Endorsement: Snapfish

I got my first digital camera, “Cammy” the Cannon Elph, two Christmases ago, and ever since I’ve been on a search for the perfect online photo store. Early in ’03 I hit upon Snapfish.com, which at 19 cents-a-print was a bargain — by far and away the cheapest. The 4x6s looked decent and always arrived within a week, so I was happy. But as time wore on, I began to question my initial decision. After all, the only reason I was drawn to Snapfish was because a colorful internet ad. Nobody I knew could vouch for the site, and surely paying half the price of other stores must involve some trade-off. Besides, everyone else I knew was using Ofoto and Shutterfly.

It took the simultaneous purchase of an iBook and post-wedding photo sharing to get me to try other vendors. The prices were steep, but, alas, none of the wedding guests were ponying up hard copies (just email links), so I ordered up batches of prints from Ofoto and Shutterfly. Both services took longer than I was used to–due, no doubt, to their being in California, while Snapfish is in Maryland–but the quality seemed decent enough. And they both had pretty much the same editing and sharing capabilities. Shutterfly, it turned out, had one major edge: It was the only service that supported a fast-upload service for Mac. So I used that site for some non-wedding family photos in the Fall, too.

I was starting to get really steamed that Snapfish required one-by-one uploads from Macs, especially irritating because I had 250 pre-purchased prints which it seemed like I’d never use in my new isolated Apple world. By mid-November, I was already planning an apology to my family, explaining how sorry I was that I’d gotten them hooked on Snapfish, a site so obviously out of touch with the tech world. But then three things happened. We got our holiday cards from Shutterfly, and a bunch were printed with a hideous blue cast over the black-and-white image (sorry to those of you that got the skunky blue thank-yous). Then in early December Snapfish launched a quick-upload tool for Macs, which I found to work flawlessly (something that couldn’t be said of Shutterfly’s). And finally, during my family’s pre-Christmas Christmas in upstate New York, my Dad unwrapped a personalize calendar, full of Mann-family babies in seasonally themed clothing, that my sister had created at Snapfish. The pictures were such high quality, and the paper was so sturdy and vibrant, and the cost was so low ($11 or $12, I think), that my doubts about Snapfish were immediately dispelled. Another way to look at the calendar: The pages are each 8.5×11 and high-res, so if you trimmed the edges you’d have about 12 huge, frame-able photos — all at a price of $1 per 8×10.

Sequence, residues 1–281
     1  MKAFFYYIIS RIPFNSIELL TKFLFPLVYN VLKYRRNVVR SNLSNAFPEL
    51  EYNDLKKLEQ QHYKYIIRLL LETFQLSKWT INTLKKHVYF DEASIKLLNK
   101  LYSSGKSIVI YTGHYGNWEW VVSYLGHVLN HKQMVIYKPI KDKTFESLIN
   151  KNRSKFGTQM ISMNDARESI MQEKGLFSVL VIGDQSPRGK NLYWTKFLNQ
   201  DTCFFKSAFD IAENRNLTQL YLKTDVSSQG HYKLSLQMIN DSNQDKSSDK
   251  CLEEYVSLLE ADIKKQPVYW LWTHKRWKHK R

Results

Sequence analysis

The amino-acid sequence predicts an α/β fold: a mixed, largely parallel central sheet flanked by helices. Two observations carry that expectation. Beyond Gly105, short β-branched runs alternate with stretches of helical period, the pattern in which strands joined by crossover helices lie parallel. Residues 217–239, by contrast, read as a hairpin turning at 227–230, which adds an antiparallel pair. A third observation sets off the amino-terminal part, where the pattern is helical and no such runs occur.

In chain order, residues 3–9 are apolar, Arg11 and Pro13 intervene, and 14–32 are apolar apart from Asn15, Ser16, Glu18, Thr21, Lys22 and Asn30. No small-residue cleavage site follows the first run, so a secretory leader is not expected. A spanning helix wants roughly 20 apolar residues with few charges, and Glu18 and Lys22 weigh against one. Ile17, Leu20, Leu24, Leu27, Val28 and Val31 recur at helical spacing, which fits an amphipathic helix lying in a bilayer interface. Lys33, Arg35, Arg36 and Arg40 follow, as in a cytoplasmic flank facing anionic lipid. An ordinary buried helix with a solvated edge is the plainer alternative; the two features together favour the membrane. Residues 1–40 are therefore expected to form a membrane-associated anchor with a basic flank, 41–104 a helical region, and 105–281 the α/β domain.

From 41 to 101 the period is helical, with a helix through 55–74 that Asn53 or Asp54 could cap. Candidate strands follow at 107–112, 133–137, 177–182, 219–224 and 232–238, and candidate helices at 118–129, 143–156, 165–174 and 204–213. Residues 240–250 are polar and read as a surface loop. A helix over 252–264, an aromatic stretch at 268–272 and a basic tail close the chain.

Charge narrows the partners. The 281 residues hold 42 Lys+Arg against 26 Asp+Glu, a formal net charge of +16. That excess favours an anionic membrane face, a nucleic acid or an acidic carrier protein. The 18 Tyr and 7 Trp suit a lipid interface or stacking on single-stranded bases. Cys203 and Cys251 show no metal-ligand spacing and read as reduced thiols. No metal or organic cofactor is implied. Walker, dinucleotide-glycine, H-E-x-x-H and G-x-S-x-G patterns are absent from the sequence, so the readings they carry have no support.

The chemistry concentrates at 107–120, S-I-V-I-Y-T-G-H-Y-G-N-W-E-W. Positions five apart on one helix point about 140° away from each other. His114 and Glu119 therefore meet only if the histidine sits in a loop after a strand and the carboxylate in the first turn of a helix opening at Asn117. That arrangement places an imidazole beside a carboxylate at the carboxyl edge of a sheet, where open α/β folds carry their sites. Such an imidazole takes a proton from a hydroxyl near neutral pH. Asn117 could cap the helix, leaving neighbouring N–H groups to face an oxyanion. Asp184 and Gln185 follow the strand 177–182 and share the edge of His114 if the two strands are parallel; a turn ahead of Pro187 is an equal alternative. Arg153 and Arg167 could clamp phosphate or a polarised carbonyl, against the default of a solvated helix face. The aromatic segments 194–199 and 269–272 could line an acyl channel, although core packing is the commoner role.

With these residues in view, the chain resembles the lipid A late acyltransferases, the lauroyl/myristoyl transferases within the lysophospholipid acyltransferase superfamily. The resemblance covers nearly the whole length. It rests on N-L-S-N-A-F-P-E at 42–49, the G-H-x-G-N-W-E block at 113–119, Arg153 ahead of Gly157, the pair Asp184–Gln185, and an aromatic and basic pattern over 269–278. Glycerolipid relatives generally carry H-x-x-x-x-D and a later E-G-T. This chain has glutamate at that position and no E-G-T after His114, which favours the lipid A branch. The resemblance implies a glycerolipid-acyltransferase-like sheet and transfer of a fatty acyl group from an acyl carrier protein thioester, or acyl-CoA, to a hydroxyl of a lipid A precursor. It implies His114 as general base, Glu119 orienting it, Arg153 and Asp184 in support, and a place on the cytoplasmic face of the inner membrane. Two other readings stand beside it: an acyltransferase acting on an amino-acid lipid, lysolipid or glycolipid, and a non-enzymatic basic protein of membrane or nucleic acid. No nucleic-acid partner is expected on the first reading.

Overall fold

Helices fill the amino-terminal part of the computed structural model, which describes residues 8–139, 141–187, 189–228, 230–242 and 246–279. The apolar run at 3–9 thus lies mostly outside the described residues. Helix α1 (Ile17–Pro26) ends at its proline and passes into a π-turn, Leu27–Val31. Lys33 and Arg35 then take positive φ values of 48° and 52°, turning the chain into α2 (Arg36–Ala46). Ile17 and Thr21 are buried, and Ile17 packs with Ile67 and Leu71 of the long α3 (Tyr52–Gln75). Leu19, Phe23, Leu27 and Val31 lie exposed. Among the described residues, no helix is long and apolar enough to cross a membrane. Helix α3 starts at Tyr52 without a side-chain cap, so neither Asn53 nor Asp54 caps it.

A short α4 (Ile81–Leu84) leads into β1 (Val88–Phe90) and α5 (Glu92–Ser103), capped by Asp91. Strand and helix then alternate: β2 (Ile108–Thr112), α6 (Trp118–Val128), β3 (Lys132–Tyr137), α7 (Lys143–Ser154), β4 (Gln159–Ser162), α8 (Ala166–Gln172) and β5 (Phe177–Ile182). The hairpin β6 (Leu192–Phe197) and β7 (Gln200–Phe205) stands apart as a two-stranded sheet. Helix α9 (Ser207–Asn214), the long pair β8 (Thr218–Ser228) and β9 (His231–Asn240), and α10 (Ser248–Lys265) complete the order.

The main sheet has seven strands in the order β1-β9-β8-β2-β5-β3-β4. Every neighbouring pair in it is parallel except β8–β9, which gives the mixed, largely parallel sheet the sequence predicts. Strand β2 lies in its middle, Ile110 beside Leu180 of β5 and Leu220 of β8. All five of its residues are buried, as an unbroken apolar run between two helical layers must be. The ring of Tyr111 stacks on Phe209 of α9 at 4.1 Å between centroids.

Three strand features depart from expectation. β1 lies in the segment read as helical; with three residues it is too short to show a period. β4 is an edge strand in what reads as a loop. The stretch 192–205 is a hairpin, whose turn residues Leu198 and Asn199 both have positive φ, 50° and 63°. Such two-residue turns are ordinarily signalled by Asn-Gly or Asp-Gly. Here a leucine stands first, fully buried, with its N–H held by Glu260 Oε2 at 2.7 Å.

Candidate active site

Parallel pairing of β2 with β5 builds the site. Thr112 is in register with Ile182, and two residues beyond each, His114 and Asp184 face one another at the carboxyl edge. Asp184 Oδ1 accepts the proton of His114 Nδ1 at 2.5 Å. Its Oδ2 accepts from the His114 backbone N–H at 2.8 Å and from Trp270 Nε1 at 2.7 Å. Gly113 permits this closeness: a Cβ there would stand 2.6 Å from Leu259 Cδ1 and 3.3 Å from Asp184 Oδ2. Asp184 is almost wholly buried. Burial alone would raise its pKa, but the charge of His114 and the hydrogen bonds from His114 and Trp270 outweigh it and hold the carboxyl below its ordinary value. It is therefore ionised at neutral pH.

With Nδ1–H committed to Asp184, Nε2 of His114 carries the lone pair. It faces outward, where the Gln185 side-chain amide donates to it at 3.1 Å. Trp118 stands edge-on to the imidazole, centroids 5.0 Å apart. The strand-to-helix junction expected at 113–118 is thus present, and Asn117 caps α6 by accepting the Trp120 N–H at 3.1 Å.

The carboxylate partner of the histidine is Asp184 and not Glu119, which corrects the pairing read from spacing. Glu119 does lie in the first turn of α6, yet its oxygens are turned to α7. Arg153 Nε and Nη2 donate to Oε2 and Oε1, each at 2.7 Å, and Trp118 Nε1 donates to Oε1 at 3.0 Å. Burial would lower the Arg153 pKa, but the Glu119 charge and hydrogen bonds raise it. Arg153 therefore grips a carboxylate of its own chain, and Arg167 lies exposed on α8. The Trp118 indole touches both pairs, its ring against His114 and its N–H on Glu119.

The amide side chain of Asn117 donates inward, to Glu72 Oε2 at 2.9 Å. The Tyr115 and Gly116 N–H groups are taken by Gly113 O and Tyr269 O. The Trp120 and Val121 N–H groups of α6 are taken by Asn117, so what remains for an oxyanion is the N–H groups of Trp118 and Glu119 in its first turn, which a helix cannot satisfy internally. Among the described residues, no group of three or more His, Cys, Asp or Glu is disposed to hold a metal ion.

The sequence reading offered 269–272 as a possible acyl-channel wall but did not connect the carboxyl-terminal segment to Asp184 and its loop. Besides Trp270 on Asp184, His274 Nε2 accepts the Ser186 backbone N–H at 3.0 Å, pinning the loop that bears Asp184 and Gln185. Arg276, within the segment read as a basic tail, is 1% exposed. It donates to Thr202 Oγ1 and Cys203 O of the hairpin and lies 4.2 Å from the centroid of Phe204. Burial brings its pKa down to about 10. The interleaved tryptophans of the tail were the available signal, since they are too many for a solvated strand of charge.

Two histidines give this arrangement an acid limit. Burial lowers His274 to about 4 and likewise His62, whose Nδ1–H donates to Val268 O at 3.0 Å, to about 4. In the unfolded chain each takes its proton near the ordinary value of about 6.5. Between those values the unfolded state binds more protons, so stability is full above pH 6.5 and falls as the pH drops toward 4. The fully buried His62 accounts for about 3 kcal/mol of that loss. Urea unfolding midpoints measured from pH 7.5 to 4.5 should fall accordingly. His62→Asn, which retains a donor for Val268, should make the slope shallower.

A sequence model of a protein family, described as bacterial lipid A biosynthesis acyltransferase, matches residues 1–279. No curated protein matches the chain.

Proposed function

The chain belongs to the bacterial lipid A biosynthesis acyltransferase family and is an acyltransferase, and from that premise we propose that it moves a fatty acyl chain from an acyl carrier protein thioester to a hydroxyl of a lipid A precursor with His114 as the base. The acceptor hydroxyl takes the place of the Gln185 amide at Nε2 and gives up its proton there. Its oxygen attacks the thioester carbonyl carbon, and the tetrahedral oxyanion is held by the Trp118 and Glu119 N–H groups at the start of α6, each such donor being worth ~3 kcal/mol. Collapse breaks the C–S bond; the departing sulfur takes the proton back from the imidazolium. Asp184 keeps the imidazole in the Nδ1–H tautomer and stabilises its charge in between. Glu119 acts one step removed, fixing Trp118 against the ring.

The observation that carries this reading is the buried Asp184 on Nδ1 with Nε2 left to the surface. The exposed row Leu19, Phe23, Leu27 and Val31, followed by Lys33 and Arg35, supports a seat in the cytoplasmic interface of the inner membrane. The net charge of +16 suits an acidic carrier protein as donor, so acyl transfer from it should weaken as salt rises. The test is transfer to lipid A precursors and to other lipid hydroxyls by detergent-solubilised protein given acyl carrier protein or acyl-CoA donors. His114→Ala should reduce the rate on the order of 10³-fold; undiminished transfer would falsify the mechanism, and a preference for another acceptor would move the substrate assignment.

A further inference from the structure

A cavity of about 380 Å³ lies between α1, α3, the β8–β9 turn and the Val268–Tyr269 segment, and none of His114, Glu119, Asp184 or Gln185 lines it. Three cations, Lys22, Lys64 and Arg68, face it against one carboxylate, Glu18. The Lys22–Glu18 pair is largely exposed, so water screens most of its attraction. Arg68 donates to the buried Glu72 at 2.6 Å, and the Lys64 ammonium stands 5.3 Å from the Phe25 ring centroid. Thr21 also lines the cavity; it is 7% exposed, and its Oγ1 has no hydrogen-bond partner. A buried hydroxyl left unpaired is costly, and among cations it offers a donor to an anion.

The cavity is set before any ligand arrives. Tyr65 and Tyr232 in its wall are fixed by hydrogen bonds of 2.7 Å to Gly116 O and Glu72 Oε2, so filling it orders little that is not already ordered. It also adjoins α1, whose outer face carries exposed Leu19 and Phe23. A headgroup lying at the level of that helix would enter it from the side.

Having just spent a fortune to develop 5×7 wedding photos at a traditional photo store (damn you, Ritz Camera!), I hereby resolve to never go off-line for photos again. And given Snapfish’s outstanding quality, price, speed, and Mac functionality, they’d have to do something awfully offensive to lose me again.

Incidentally, another good use for Snapfish is just storing photos. Rather than clogging up Andy’s server with all the images I put onto Turkeymonkey, I just upload ’em to Snapfish and copy the links into the blog.

(Not to be a shill or anything, but … If you’re looking for a digital photo store, too, and in the giving mood, please click on the link below to set up a Snapfish account. It’ll give me a handful of free prints, and in exchange for hooking me up I’ll happily send you links to my ever expanding library of photos.)

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